Act if you care about the village
To The Editor:
At the Margaretville Village Board meeting in November, Mayor Stanton confirmed that the board would not be seeking FEMA funding to mitigate the Binnekill bulkhead damage.
Shortly after Irene, I recognized a new problem in the river at the bulkhead site. The river streambed is now blocked with gravel and is so high that it will take only a three-foot rise for the river to flood into the Binnekill. This, and the additional damage to the bulkhead, was what was going on during Irene. It explains the disproportionate flood damage from the corner of Bridge Street along upper Main Street It is also an alert that Upper Main Street is now at an even higher risk of flooding.
I reported this to the village board, the village Code Enforcement Officer, County Emergency Management and DCS&WCD. Return calls from county agencies made it clear that it was the responsibility of the village board to initiate action. There was no effort to inform the public, or to take action while there was opportunity to get river work done.
Since 1996, the village community has had to endure a Binnekill swamp during dry seasons and historically high water along Main Street during floods. The board has refused to fulfill a contractual agreement in a 1902 deed that obligates the village to maintain the Binnekill bulkhead. The board has held the Binnekill hostage for the last seven years for their own purposes while ignoring the warning of flood effect. Now they realize they cannot seize the property they want, so they have walked away from the issue; just as the risk to the village has increased and an opportunity to get the job done right is available.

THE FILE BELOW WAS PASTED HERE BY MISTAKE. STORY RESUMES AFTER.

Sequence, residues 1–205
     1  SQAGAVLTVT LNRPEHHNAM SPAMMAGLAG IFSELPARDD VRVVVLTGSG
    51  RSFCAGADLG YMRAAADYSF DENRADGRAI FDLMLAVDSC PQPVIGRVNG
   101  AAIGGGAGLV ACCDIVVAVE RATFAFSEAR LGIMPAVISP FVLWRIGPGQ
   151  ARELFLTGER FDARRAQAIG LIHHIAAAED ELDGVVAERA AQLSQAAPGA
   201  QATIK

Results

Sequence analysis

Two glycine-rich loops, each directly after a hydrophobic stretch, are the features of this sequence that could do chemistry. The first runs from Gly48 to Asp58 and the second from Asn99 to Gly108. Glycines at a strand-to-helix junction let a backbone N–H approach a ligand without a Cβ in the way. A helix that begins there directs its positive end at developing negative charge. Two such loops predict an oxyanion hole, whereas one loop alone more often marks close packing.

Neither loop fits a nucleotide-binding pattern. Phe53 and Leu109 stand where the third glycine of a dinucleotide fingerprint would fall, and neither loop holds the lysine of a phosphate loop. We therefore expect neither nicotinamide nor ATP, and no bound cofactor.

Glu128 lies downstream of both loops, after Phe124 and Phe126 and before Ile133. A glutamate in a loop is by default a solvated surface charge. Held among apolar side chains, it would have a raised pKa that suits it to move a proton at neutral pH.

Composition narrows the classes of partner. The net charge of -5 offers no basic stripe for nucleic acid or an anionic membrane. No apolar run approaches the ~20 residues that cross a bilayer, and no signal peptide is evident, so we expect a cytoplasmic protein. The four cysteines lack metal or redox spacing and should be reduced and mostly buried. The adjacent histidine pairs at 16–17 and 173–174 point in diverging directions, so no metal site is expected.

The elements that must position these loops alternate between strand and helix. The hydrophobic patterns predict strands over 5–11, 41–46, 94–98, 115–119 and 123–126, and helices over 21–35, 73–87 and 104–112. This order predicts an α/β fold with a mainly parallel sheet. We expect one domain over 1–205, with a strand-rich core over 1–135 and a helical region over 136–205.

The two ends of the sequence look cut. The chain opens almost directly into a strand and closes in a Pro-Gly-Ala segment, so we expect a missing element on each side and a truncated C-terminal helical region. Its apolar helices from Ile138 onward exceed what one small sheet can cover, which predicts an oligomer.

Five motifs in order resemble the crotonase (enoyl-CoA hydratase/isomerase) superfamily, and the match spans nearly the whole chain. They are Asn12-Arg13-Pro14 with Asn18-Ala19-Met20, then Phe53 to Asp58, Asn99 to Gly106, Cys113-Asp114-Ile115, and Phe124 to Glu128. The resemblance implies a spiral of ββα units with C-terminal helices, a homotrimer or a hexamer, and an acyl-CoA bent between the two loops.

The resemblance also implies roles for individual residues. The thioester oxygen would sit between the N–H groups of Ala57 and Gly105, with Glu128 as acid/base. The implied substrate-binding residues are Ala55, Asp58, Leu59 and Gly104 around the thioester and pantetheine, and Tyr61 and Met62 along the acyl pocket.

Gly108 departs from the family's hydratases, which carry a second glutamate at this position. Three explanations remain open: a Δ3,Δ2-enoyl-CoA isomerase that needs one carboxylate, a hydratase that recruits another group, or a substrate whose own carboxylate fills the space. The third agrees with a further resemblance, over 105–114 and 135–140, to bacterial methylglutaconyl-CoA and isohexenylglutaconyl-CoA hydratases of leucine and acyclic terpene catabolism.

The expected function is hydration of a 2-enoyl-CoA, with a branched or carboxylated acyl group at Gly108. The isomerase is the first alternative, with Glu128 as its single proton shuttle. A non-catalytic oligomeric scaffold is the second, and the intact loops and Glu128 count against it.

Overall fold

So who should care? Anyone who owns property, lives, or makes a living on upper Main Street that has been impacted by high water since 1996. Anyone who is concerned about the appearance and property values along upper Main Street. Anyone who has experienced the stress of flood evacuation, initial cleanup, and or recovery; and believes less would be better. Anyone who cares about the Binnekill with its summer flowers, fish, ducks, and winter ice for walking and skating. And anyone who cares about how all of these things impact their livelihood, as well as their pride in and enjoyment of the village.
The business community has come together to help itself. The signs out to greet and direct the public after the flood, the lighted storefronts and united advertising effort for Christmas that declared their survival took commitment and hard work. Their “Duck in the Mud” campaign broke a seven-year deadlock. I hope the larger community will follow their lead to force the village board to do their job to protect the village and to end the rift that has damaged our community for so long.
The decision on FEMA funding must be reversed soon, before the opportunity is lost. The next board meeting is Thursday, Jan. 19, at 6:30 p.m If you care, please be there.